Around 28,000 students in England, Wales and Northern Ireland who applied to go to university are without offers just days before A-level results are due to be published, according to data experts.
In what promises to be one of the most competitive university admissions rounds in recent memory, analysis by DataHE found that the total number of 18-year-olds who do not have an offer has increased from around 16,000 at this stage in the admissions process in 2019 to 27,850 in 2022 .
Some of the increase is due to the fact that there are more applicants than ever before, but experts say it is also likely to have been driven by a rise in rejection rates and more conservative offers from high-fee institutions looking to rein in. recruitment after the excesses of the pandemic.
According to Mark Corver, the founder of DataHE, the risk of applicants not having a single offer at this point has increased from 6% to 9% in two years, a 50% jump proportionally, back to levels last seen then the universities had to stay within the number of controls.
“This will feel like quite a shock after nearly a decade of steadily improving odds of getting an offer,” Corver said.
His warning came as England’s exam regulator Ofqual and university admissions service Ucas sent out an unprecedented letter to all A-level students to try to reassure them, as tensions mount ahead of results day on Thursday.
The letter says almost 300,000 UK 18-year-olds have a fixed offer, up 7,000 from last year and the highest on record, with 30,000 courses available in clearing.
However, there is still great uncertainty. After two years of higher-than-average grades during the pandemic – when exams were canceled and work was graded by the teacher – the government asked regulators to set limits so grades would be halfway between those in 2019 and 2021, with grades set to revert to pre – pandemic levels in 2023.
Last week it was reported that tens of thousands of A-level students with offers from their preferred university could be at risk of losing their places due to an estimated 10 percentage point drop in the number of A and A* grades in England, Wales and Northern Ireland.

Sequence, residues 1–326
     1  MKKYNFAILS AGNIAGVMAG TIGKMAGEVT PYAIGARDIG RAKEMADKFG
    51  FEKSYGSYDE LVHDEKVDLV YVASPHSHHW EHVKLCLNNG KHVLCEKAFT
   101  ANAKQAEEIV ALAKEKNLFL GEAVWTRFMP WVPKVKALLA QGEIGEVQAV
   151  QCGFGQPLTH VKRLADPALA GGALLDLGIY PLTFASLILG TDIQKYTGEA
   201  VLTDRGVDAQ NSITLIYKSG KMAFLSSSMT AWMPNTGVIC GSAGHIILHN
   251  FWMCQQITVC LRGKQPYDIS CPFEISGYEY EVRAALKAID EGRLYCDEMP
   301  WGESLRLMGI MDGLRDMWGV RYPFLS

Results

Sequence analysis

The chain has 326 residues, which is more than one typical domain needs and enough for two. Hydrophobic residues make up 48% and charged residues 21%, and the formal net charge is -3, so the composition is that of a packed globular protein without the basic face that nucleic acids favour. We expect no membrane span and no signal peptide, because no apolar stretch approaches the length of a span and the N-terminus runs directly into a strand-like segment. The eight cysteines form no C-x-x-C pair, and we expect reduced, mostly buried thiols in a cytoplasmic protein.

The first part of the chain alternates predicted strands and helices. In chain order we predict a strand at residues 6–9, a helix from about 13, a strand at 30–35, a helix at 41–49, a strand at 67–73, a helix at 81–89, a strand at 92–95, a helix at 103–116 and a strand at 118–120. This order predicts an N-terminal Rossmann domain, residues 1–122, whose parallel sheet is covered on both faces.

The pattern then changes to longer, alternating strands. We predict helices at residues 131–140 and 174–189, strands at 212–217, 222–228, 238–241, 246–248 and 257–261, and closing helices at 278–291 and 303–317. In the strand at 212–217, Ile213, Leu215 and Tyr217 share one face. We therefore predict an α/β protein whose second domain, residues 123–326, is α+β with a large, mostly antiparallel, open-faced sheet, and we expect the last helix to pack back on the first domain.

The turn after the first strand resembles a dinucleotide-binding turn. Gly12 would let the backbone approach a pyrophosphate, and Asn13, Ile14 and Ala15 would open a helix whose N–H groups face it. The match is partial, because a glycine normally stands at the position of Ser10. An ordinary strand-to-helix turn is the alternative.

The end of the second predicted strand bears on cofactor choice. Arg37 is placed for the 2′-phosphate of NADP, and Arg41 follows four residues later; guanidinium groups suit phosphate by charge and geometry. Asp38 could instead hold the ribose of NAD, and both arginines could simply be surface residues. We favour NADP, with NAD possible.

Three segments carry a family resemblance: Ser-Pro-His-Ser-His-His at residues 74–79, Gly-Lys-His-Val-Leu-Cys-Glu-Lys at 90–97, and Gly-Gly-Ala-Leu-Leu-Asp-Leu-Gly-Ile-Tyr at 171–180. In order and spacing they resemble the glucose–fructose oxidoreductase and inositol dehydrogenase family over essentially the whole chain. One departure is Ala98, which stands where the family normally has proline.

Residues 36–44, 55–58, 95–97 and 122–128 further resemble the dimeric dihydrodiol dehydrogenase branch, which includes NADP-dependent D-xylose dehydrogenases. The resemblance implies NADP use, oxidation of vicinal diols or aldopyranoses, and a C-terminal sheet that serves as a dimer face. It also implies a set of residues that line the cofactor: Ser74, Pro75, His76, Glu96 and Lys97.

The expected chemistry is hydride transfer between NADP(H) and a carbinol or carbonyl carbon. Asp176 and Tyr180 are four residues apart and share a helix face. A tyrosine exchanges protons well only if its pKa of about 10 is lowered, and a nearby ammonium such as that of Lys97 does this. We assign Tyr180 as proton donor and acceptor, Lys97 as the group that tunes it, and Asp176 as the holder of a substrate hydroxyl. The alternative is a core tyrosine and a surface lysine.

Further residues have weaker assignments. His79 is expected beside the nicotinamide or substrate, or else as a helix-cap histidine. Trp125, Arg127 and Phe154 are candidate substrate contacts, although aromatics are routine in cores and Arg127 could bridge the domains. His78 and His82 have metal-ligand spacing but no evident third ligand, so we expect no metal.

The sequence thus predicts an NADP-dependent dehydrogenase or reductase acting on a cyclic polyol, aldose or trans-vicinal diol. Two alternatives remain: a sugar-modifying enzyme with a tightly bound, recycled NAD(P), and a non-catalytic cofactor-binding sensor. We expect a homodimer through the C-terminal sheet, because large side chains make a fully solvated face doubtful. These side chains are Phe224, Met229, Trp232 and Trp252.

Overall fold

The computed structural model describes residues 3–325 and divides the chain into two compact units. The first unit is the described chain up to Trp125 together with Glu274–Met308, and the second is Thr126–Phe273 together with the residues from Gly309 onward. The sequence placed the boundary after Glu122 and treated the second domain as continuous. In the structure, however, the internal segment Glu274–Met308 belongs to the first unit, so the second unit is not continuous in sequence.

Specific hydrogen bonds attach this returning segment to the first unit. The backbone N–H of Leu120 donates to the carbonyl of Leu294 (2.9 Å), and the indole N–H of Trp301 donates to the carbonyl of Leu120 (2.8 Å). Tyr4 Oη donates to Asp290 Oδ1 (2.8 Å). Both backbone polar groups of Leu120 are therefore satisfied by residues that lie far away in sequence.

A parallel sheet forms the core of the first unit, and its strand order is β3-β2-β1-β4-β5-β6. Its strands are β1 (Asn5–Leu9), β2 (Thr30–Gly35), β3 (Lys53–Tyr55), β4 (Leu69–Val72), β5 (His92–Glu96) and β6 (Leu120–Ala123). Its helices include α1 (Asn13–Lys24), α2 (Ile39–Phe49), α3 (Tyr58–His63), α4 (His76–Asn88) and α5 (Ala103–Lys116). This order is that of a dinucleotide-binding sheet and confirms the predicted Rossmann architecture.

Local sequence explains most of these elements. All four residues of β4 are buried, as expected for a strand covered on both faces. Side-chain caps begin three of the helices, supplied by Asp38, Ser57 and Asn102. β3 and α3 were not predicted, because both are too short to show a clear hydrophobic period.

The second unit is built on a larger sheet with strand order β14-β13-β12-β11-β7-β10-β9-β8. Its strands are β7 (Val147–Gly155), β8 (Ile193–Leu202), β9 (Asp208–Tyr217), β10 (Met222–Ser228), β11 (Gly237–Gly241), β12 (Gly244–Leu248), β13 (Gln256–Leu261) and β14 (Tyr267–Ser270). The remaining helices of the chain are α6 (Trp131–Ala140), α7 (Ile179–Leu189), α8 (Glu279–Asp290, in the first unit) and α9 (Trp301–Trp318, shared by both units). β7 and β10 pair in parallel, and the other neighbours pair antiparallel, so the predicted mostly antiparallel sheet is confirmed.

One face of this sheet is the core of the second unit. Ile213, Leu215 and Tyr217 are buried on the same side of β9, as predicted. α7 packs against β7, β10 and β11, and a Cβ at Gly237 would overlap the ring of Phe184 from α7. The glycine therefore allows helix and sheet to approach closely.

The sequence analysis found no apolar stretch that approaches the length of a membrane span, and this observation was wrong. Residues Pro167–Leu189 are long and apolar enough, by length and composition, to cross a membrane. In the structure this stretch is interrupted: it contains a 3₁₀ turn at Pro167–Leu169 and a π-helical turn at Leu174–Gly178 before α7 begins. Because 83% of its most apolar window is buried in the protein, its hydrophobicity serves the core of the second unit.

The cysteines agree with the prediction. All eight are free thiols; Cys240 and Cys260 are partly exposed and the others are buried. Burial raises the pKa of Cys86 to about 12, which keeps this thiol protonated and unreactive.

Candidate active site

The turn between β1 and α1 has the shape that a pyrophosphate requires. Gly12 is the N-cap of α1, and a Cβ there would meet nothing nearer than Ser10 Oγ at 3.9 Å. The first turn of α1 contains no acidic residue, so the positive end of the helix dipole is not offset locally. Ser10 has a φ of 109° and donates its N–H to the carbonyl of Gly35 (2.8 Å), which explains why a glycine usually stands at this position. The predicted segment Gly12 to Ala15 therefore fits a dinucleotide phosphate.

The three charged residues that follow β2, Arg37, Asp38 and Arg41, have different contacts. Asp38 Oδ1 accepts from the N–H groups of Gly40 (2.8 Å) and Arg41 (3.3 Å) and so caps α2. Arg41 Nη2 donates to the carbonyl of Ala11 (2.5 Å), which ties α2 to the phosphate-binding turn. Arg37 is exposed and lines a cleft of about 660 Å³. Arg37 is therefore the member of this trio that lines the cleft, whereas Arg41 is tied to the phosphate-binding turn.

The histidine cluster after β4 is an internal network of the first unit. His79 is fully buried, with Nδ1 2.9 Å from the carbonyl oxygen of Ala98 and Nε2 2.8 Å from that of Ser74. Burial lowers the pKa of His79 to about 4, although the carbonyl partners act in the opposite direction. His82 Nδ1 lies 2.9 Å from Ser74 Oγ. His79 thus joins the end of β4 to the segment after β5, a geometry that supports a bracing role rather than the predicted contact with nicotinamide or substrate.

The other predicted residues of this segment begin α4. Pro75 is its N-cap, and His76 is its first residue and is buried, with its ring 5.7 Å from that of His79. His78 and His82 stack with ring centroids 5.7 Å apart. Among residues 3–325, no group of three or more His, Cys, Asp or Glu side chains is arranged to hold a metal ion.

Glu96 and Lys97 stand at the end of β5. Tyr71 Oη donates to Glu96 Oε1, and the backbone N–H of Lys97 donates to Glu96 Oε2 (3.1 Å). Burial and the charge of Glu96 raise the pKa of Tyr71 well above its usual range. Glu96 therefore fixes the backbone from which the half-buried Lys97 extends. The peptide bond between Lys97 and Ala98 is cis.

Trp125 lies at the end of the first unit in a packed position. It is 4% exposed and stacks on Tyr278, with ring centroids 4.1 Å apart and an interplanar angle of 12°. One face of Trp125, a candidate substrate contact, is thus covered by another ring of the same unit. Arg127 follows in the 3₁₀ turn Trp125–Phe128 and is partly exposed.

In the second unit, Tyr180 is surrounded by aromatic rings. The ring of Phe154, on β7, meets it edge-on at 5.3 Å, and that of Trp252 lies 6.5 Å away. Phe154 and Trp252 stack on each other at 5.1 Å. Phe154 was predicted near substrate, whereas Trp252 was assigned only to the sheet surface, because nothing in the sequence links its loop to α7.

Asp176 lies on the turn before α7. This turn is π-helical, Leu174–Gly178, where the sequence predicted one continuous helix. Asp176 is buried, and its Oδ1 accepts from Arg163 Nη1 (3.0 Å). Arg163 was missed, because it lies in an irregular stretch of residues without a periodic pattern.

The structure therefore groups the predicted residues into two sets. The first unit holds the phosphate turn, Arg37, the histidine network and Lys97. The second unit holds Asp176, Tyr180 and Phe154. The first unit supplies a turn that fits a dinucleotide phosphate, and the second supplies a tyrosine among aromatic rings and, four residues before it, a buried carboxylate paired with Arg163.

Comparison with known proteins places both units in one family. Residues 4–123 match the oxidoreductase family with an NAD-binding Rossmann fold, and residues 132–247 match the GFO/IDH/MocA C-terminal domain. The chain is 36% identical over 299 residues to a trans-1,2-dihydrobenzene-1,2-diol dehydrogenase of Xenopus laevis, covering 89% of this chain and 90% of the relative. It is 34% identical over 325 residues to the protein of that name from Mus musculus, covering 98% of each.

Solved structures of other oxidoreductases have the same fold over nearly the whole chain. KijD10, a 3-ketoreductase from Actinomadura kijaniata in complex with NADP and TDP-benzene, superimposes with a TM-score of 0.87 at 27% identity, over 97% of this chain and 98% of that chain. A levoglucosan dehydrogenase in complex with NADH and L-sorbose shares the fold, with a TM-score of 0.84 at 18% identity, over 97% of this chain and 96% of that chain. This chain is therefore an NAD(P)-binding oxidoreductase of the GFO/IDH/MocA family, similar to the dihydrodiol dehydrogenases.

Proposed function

After record results last year, when 44.8% of grades were either A or A* at A level, experts in the sector calculate that with the government recalibration this will drop to 35% (up from 25.5% in 2019).
While almost one in five (19.1%) grades were A* last year, this year the proportion is expected to drop to 13.5%. Similarly, the number of A* to C grades is expected to fall from 88.5% in 2021 to 82%.
Corver said students, even those without offers, shouldn’t be overly anxious. “Places are there, but they may be at universities or for subjects that may not have been on the applicant’s initial shortlist and may need some research and flexibility to take advantage of.”
Universities that received A-level results on Friday night confirmed that there is still capacity, but they warn that clearing will be busy and that students may have to consider related subjects and alternative institutions to secure a place.
Meanwhile, Ucas Data disputed HE’s analysis – which is based on Ucas data on the number of students “free to be placed in clearing”.
Clare Marchant, Uca’s chief executive, said a record number of 18-year-olds applied this year and the data showed more than 97% of those students received at least one offer, which was also a record.
“There are many reasons why students are qualified to find a place in the clearing. In some cases, students, who are extremely savvy and constantly considering their options, increasingly see scavenging as a great alternative to finding a place.
“The vast majority of universities and colleges will have courses available this week and my advice to students without a place is to continue with your research and contact Ucas if you need support while clearing.”
Alix Delaney, head of admissions at the University of East Anglia, said: “We expect it to be a very busy clearing with lots of activity and many universities with vacancies.
– Although there may be some disappointment for those who have applied for highly competitive courses, I believe there is still capacity in the entire system for students to find a place at a university, should they wish to study in September.
“They may just need to think about related courses, subjects or alternative universities.”
The Ministry of Education was contacted for comment.